Last night CTD commented on my post "If I could design a system from scratch...," saying:
You may have already thought about a subterranean heating and cooling system, but if not, here's a couple of links. I'm considering one of these for its year-round efficiency (off grid if I can get the math to work out) and possibly a small rocket mass as a supplement for those really cold stretches...
Such cool stuff! The subterranean heating/cooling system is primarily three layers of Underground Air Circulation Tubing (UACT), 4 inch thin-walled perforated drainage tubes (less than $6 per 10 foot length at Home Depot). The tubes are spaced about every 2 feet horizontally in each layer, and the UACT layers are each a foot deep. The tubes are connected to a plenum (e.g., a 55-gallon drum) at each end, and a fan blows the entire volume of the greenhouse through the underground tubing every 10 minutes.
During days when it gets toasty in the greenhouse, air enters the system warm and moist and comes out cool and dry, leaving the moisture and heat energy in the soil. When the greenhouse air gets colder than the soil (e.g., winter nights), the fan pumps cool air through the ground and it comes out warmer and moister.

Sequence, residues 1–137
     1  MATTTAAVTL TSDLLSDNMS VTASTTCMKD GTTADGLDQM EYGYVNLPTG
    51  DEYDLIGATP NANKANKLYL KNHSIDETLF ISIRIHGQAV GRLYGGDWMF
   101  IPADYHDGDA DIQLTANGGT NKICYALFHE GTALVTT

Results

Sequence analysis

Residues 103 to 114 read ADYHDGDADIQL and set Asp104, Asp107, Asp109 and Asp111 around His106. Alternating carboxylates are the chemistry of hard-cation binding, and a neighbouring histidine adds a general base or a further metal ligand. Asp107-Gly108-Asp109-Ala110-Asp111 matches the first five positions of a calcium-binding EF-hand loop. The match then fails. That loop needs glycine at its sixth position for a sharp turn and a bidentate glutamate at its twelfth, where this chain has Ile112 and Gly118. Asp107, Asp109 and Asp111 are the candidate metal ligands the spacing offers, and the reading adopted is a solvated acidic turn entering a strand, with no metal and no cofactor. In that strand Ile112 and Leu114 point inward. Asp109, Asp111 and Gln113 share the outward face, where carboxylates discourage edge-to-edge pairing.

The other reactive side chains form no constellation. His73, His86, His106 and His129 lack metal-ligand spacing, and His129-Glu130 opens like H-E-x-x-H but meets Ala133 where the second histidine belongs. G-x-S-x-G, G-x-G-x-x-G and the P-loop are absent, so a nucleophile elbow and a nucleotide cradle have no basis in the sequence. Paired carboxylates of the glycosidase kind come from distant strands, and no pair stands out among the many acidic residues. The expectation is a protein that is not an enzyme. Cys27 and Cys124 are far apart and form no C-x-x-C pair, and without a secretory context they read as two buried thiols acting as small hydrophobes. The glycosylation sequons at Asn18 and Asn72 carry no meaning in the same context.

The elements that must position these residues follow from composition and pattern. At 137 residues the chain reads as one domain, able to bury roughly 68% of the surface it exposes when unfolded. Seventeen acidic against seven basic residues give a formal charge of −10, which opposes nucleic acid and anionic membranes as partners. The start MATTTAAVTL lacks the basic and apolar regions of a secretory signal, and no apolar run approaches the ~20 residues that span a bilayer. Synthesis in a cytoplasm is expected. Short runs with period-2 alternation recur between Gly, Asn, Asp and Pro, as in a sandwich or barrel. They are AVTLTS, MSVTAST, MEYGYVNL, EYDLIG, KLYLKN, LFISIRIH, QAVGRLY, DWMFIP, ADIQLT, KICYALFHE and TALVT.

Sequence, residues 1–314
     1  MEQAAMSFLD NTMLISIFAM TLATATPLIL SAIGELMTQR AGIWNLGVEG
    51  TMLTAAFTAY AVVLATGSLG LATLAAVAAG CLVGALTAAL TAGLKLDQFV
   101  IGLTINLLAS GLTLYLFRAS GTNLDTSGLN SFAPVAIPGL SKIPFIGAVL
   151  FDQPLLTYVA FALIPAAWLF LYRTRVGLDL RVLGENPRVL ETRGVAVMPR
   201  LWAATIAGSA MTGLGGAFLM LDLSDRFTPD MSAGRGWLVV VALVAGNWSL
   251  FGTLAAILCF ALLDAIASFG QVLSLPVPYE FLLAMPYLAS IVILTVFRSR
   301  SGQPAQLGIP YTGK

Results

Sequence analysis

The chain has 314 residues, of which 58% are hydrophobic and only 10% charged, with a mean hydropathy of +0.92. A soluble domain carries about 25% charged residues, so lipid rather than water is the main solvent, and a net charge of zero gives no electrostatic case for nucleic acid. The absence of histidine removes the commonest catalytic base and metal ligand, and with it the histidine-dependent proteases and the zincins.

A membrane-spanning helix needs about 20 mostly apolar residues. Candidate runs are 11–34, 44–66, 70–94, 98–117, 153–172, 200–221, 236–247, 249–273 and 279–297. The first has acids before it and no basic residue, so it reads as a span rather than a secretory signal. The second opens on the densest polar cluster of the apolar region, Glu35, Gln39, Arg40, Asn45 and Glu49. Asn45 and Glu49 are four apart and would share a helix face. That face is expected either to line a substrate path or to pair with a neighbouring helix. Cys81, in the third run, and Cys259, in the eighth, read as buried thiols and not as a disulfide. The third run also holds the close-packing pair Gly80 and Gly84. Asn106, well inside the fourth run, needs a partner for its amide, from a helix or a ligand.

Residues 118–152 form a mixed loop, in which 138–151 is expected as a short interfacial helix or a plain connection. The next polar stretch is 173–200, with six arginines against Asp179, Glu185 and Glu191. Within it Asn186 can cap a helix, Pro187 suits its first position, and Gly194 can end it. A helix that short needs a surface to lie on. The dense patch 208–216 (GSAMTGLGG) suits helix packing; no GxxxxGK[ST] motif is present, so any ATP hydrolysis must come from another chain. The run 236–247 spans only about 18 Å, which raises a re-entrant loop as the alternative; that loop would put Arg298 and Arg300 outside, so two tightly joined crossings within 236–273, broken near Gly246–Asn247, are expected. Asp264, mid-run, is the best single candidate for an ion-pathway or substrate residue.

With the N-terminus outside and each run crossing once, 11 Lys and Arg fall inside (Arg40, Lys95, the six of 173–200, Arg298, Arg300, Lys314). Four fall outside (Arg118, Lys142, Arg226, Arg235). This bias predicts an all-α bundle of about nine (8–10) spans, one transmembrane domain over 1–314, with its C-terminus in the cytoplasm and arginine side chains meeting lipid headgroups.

John Cruickshank of SunnyJohn.com says he's created greenhouses in Zone 4 (average minimum temperature of -25 degrees F) that maintain a Mediterranean environment all year round without any supplementary heat.
I still want to include a rocket mass heater. One, I like to burn things (wood). Two, I like to cook things (pizza...). Three, my greenhouse isn't a double-glazed marvel of heat retention, so it will probably need supplemental heat, even though I'm in Zone 7 (average minimum temperature of 5 degrees F).
Here are some sketches of how I think I could have both a Subterranean Heating and Cooling System (SHCS) and a Rocket Mass Heater (RMH).